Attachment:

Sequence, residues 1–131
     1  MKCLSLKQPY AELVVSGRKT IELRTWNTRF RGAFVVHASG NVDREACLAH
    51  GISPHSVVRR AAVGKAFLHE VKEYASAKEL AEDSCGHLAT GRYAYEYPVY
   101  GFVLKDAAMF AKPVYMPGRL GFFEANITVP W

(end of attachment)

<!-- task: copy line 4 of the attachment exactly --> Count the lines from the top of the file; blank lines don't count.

   101  GFVLKDAAMF AKPVYMPGRL GFFEANITVP W